The protester next argues that the agency failed to adequately consider whether a commercial product could meet the agency’s requirement if those requirements were modified to a reasonable extent. In this regard, the protester contends that, rather than awarding a single-award IDIQ contract in conjunction with a cost‑reimbursement type task order, the agency should have sought to meet the DCGS-A2 requirements using a phased approach that would have allowed offerors of commercial solutions, like Palantir, to compete to provide the commercial software platform necessary for DCGS-A2 data integration, visualization, and analysis capabilities, possibly at a fixed-price. The protester argues that the agency could then acquire, separately, the systems integration and development or enhancement work necessary to provide or supplement other DCGS-A2 requirements.

A contracting agency has the discretion to determine its needs and the best method to accommodate them. General Electrodynamics Corporation, B-298698, B‑298698.2, November 27, 2006, 2006 CPD ¶ 180 at 3. In preparing a solicitation, a contracting agency is required to specify its needs in a manner designed to achieve full and open competition, and may include restrictive requirements only to the extent they are necessary to satisfy the agency’s legitimate needs. Id. When an agency seeks to procure separate and multiple requirements under a single contract, there is potential for restricting competition by excluding firms that furnish only a portion of the requirement; we therefore review challenges to such solicitations to determine whether the approach is reasonably required to satisfy the agency’s needs. See Northrop Grumman Tech. Servs. Inc., B‑406523, June 22, 2012, 2012 CPD ¶ 197 at 7. A protester’s mere disagreement with the agency’s judgment concerning the agency’s needs and how to accommodate them does not show that the agency’s judgment is unreasonable. General Electrodynamics Corporation, supra.

Here, the record shows that the agency reasonably decided on its approach of having a single contractor, who would be responsible for selecting all the components of DCGS-A2, and who would bear the responsibility for making certain that those components are integrated, in contrast to the phased approach favored by Palantir. In the written justification for the agency’s use of a single-award IDIQ contract for this procurement, the Senior Procurement Executive explained that the “data integration layer requires unified systems engineering and agile software development activities by a single contractor. Ad hoc or independently developed software activities cause technical risks, concerns and significant schedule risk and cost uncertainty . . . To separate the systems engineering, software development, and integration activities would only undermine the cohesive development of a new data management and software architecture.” AR, Tab AT, Determination and Findings for use of Single Source IDIQ Contract, at 2.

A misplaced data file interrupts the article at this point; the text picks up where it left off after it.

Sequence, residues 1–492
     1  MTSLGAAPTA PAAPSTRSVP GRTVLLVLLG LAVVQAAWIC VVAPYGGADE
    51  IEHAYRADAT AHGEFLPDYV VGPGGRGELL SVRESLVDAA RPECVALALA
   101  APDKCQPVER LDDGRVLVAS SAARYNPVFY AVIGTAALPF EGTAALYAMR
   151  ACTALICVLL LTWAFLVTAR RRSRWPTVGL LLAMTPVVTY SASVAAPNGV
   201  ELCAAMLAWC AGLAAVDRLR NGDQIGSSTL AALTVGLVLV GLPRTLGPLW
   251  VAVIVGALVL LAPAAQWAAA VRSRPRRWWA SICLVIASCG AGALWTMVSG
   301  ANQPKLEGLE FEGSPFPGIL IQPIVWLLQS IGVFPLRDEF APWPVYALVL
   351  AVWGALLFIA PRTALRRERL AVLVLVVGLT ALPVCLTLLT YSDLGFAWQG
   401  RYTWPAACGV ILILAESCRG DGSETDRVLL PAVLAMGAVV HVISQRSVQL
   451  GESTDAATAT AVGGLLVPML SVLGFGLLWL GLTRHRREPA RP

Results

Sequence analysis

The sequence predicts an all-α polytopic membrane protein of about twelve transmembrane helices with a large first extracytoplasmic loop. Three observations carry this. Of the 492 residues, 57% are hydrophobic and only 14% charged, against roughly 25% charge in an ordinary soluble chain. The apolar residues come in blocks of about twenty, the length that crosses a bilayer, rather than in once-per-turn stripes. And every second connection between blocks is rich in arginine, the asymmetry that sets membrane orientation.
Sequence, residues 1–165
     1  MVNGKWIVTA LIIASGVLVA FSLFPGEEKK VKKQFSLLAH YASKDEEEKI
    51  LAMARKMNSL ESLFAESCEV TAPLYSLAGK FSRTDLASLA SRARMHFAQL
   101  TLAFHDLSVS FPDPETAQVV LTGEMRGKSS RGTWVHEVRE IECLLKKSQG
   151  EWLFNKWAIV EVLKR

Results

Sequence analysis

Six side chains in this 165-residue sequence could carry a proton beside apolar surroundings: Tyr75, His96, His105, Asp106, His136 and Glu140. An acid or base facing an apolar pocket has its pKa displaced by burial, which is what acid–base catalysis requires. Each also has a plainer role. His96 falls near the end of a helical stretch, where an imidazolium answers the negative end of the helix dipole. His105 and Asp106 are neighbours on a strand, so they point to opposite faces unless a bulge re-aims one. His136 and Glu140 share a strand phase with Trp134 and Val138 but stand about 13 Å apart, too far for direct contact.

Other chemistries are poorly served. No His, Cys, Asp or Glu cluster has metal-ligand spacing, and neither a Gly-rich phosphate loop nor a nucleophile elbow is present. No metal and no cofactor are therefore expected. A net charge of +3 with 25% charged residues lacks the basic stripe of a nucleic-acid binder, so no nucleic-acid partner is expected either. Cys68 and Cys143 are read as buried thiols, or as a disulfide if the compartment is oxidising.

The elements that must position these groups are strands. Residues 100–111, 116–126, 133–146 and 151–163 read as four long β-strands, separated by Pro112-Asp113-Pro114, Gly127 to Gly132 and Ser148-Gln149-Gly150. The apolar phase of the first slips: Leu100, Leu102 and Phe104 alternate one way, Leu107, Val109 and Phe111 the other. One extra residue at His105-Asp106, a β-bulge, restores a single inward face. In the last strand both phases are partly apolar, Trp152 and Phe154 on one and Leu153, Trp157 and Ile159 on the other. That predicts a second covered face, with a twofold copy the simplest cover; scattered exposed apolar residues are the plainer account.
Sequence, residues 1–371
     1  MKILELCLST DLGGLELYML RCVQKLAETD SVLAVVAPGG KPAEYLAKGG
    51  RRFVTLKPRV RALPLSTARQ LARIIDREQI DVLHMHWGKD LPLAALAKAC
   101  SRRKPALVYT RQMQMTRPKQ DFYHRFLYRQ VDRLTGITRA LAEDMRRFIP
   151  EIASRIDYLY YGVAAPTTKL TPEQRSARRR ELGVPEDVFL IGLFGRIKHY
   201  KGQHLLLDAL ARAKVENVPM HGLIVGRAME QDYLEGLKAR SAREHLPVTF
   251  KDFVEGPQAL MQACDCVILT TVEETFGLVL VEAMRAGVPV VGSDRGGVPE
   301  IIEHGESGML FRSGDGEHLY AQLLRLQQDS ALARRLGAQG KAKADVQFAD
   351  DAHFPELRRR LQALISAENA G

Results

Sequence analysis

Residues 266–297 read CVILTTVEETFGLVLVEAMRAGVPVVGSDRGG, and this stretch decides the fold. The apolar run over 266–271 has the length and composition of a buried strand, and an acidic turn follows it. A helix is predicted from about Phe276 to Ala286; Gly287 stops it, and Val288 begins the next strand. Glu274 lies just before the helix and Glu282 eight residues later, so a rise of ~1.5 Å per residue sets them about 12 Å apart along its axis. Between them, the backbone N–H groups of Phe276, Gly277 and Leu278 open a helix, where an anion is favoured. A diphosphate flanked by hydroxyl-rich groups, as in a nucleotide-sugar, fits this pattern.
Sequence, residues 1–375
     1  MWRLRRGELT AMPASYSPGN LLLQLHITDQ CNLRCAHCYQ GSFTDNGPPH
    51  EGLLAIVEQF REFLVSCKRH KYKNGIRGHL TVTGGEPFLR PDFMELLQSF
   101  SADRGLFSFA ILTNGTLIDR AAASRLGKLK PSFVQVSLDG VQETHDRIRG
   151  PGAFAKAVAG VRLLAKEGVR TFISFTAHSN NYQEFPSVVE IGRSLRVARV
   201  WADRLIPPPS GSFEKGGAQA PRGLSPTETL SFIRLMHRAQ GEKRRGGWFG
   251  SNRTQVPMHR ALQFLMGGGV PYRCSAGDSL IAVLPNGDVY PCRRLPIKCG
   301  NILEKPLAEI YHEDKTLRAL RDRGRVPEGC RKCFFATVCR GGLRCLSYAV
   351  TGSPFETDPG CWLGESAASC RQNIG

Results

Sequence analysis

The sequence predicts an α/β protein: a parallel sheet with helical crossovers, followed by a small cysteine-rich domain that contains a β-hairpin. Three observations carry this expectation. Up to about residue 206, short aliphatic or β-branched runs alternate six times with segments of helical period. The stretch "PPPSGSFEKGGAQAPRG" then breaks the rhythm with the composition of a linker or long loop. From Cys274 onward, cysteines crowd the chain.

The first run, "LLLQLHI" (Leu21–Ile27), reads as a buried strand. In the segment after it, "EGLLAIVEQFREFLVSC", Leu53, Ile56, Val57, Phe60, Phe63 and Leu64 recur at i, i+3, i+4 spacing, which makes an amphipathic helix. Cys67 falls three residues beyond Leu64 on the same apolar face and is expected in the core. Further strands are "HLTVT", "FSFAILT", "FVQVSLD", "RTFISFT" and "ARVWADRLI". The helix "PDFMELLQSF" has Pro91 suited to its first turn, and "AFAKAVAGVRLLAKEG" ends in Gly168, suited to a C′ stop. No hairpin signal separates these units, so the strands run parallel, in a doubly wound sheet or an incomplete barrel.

At the hearing GAO conducted in connection with this protest, the executive director and principal assistant responsible for contracting (PARC) at Aberdeen Proving Ground provided greater explanation regarding the need to have a single contractor with responsibility for selecting the components that would be assembled to meet the DCGS-A2 requirements, and writing the software that would be needed in order to integrate the different components and make them interoperable. Tr. at 203. According to the PARC, the strategy would require the contractor to “be responsible for ensuring that all of the components that are selected . . . interoperate and to ensure that the code associated with that was made available to the government, because it would have been developed at the government expense, therefore ensuring that we had the capability of supporting it in the post‑production environment.” Tr. at 203-204. The PARC further explained that, if the government were to buy some of the components and then provide them to a separate system integrator for integration, it would shift risk to the government that the items might not work or might not be able to be integrated. Id. According to the PARC, that approach “puts the government in the middle of selecting certain components and certain pieces, thereby implicitly warranting not only that they will work but they are able to be integrated by the integrator, who would be separate and different.” Id. at 204.

Here, the agency’s approach is reasonably related to its need for a fully integrated and interoperable system made up of a number of specific capabilities, some of which are commercially available and some of which are not. While the agency considered several potential approaches to this procurement, including the phased approach favored by the protester, the agency ultimately concluded that it would have a greater likelihood of success (in that it could avoid certain technical risks, concerns and significant schedule risk and cost uncertainty) by opting to have a single contractor serve as the system integrator in charge of developing and selecting the components and making sure that they can be successfully integrated. AR, Tab AT, Determination and Findings for Use of Single Source IDIQ Contract, at 2. As such, we have no reason to question the approach chosen by the agency or to conclude that the solicitation is unduly restrictive of competition.  (Palantir USG, Inc. B-412746: May 18, 2016)  (pdf)

Comptroller General - Listing of Decisions

For the Government For the Protester
Palantir USG, Inc. B-412746: May 18, 2016  (pdf)  

U. S. Court of Federal Claims- Key Excerpts